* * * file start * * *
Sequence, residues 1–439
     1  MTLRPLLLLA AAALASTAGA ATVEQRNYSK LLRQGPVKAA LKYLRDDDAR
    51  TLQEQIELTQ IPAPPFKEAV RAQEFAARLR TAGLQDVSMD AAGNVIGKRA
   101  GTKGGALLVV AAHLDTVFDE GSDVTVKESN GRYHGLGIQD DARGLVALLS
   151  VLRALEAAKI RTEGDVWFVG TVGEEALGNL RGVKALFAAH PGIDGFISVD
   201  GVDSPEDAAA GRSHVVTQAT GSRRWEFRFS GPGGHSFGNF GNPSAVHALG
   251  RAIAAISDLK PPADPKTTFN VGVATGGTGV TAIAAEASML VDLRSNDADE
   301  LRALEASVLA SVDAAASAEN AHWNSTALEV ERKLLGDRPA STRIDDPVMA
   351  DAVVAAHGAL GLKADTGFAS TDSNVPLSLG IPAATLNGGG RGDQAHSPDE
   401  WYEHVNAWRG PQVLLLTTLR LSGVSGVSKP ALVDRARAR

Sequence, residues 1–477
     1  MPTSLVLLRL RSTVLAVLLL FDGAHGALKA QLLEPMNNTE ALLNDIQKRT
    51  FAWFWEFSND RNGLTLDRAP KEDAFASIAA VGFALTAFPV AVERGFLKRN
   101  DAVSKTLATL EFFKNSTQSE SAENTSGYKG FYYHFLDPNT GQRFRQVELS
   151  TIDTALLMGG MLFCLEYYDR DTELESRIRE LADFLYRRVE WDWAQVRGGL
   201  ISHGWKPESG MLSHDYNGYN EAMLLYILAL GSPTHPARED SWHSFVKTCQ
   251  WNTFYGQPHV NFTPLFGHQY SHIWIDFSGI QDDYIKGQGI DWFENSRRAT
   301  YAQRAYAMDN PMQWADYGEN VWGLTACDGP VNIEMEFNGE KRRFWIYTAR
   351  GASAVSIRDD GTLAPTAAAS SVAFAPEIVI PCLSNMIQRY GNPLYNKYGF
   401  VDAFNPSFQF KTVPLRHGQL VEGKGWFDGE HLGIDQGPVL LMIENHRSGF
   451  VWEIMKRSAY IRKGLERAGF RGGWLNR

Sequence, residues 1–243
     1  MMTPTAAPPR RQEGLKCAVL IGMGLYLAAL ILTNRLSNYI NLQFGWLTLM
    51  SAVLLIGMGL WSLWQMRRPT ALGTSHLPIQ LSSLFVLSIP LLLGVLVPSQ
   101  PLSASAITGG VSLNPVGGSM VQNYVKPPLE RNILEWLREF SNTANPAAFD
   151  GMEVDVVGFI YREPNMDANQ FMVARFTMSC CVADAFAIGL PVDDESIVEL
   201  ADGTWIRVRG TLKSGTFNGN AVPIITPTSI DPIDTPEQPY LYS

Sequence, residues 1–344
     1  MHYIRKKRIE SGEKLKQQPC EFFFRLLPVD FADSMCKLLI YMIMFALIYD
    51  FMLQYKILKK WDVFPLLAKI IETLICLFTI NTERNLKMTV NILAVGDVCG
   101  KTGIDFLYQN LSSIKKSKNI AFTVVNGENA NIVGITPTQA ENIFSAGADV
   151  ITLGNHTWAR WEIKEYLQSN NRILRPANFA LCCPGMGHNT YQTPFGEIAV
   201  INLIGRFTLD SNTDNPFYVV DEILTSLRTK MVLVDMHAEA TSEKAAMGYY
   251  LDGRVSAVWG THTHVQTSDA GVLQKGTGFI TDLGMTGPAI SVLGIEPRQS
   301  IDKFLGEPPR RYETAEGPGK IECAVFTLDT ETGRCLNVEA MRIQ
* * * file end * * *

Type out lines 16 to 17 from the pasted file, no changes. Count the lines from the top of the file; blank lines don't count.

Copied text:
   201  ISHGWKPESG MLSHDYNGYN EAMLLYILAL GSPTHPARED SWHSFVKTCQ
   251  WNTFYGQPHV NFTPLFGHQY SHIWIDFSGI QDDYIKGQGI DWFENSRRAT